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Portland Public Schools considers paying Portland Police Bureau for school resource officers.

TRIBUNE PHOTO: ZANE SPARLING - Capt. Tashia Hager, in red, listens to feedback from students during a leadership summit at Cleveland High School on Saturday, Dec. 1.The proposed contract between Portland Public Schools and the Portland Police Bureau received a mixed reception at a student-run leadership conference — with some attendees calling for more patrols and others saying they don't want officers setting foot on campus.

But there's one thing many students seem to agree on: They want administrators to communicate more information at a quicker pace when police are called into the classroom.

"We have someone walking around the building in a full police uniform, and we don't know why they're there," said Francesca Milhizer, a Cleveland High School junior. "We don't know if it's a drill or not."

"I think we need more (officers), but with that comes a responsibility," she added. Other students noted that they're learning about incidents from social media or their parents.

Milhizer and her peers from across the district gathered for a student Leadership Summit at Cleveland High School, 3400 SE 26th Ave., on Saturday, Dec. 1.

TRIBUNE PHOTO: ZANE SPARLING - Nick Paesler speaks with peers during a district-wide leadership summit at Cleveland High School on Saturday, Dec. 1.PPB's School Resource Officers — commonly called SROs — have been operating in Portland free of charge and in the neighboring Parkrose and David Douglas school districts for about 20 years.

On paper, the Youth Services Division has 12 armed officers assigned to the unit, each working four ten-hour days. Portland has nine officers, with one SRO assigned to each high school cluster who is also responsible for the elementary and middle schools in that group.

But chronic understaffing means the Bureau takes away three of those bodies each week to work regular patrol. The end result is there are never SROs available in Portland on Mondays, and the Bureau can call them away when other emergencies arise.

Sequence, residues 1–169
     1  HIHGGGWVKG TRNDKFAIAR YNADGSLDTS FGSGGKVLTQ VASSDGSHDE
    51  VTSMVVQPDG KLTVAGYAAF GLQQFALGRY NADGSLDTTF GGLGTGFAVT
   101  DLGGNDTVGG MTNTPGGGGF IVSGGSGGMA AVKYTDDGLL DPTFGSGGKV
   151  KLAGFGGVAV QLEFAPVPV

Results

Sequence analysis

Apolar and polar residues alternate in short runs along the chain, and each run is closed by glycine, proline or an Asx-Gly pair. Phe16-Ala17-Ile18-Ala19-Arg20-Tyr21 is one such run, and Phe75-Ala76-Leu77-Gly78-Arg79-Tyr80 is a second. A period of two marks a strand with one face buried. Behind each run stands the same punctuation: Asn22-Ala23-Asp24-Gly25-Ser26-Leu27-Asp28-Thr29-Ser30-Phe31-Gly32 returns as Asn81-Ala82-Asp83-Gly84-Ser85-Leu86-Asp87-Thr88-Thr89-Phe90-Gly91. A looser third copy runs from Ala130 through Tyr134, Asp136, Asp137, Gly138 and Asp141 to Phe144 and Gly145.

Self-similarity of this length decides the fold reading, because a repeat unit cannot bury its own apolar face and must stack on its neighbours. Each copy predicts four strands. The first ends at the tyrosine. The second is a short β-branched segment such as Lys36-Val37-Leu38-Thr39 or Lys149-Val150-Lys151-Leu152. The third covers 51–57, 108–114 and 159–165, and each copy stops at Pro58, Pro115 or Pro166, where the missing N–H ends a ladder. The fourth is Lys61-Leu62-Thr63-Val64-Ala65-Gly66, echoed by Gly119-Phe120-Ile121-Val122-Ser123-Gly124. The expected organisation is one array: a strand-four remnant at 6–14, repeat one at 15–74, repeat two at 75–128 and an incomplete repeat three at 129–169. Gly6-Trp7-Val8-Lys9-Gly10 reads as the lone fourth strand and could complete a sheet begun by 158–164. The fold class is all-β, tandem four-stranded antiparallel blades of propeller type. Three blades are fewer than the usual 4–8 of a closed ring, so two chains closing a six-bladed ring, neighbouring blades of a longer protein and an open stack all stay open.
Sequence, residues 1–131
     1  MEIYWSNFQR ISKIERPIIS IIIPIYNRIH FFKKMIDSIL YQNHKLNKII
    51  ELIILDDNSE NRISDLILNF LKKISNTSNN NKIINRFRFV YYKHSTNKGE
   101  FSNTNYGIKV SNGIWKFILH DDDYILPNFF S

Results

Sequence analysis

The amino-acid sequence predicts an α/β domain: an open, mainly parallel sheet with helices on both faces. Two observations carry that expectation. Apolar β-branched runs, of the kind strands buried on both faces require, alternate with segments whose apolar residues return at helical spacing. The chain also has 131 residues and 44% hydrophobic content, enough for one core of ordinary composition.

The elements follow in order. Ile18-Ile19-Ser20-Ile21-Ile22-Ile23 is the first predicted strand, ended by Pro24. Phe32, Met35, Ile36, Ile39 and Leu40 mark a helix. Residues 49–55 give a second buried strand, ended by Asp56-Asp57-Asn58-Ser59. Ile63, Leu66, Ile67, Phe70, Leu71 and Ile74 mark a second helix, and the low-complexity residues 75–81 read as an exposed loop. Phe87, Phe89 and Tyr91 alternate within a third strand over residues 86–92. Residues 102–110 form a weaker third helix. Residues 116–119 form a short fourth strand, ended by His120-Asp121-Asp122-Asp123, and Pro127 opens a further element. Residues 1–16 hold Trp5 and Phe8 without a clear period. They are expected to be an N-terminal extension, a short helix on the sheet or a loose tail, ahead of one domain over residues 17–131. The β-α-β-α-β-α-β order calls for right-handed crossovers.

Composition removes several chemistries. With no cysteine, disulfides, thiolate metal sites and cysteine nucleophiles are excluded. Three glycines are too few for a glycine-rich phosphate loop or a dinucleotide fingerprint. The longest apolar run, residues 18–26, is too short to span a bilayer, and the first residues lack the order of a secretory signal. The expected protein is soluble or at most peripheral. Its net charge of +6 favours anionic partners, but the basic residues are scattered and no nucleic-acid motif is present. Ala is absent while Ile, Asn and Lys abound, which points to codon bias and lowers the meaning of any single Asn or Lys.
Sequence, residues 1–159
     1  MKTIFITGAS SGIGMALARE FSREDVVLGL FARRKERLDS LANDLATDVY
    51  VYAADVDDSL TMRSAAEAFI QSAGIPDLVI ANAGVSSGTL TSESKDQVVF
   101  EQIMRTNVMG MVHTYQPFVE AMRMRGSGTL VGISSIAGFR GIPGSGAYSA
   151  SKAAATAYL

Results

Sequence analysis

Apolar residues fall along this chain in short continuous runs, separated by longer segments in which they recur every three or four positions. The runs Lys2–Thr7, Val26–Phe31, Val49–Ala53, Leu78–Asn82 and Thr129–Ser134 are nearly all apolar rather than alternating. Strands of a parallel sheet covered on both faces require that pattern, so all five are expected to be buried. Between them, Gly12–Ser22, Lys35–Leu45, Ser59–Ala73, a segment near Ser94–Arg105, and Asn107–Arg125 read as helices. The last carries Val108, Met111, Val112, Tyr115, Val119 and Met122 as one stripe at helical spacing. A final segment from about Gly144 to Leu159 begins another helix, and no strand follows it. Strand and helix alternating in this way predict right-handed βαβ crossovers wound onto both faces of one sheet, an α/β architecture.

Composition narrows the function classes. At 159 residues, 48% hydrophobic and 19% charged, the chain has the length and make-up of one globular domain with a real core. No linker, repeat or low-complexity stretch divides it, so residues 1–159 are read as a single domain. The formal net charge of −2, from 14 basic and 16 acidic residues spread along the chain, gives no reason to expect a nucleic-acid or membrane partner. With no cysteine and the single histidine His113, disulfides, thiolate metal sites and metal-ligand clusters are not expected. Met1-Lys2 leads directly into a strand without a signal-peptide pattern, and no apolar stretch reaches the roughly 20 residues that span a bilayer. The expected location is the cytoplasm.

"We want to make sure those officers have the right ability, the right temperament and the best training, so we can make sure they are a part of making sure you are successful," Capt. Tashia Hager, who oversees the division, told students. "They're there for your safety too."

The intergovernmental agreement, scheduled to go before the Portland school board for a vote on Dec. 11, is intended to protect SROs from future budget cuts and borrowing — at a cost of $364,000 this fiscal year and $1.2 million in 2019-2020. It must also be approved by the city council.

Approval would certainly make Wilson High School junior Thomas Berg happy.

COURTESY PHOTO - Officer Grant ShirahamaBerg praised Wilson's last SRO, Grant Shirahama, who died unexpectedly of a heart attack while hiking on Mt. Hood on Aug. 27. No replacement has been assigned since.

"He was always walking around Wilson smiling. People weren't scared of him, people came up to talk to him," said Berg, who created a club called Students of Color and Action Association at his school several years ago.

Students have been kicking in mirrors and vandalizing bathrooms, Berg says, and pulled the fire alarm as a prank twice this month. He said another student brought a knife and a BB gun to school last week.

Franklin High School was placed into lockdown after officers responded to reports of gunfire and a vehicle crashing into a fence during a basketball game around 9 p.m. on Friday, Nov. 30. One person was detained.

"I don't really know how I'm going to feel safe if we have no SRO," Berg said.

Other aren't convinced.

Grant High senior Amelia Ernst says SROs disproportionately target students of color or those with disabilities.

"School referrals to the criminal justice system should be the last resort," she said. "There shouldn't be SROs in schools."

According to PPB, SROs made 13 arrests last school year. Teachers and administrators called police more than 5,000 times, but only about 500 calls were classified as a crime. Other cases were referred to local restorative justice programs.

Portland Tribune reporter Shasta Kearns Moore contributed to this article.

Have your say:

The Portland Public Schools board invites more input from students during a second engagement session on Thursday, Dec. 6 from 3 to 5 p.m. in the boardroom at the district's headquarters, 501 N. Dixon Street.

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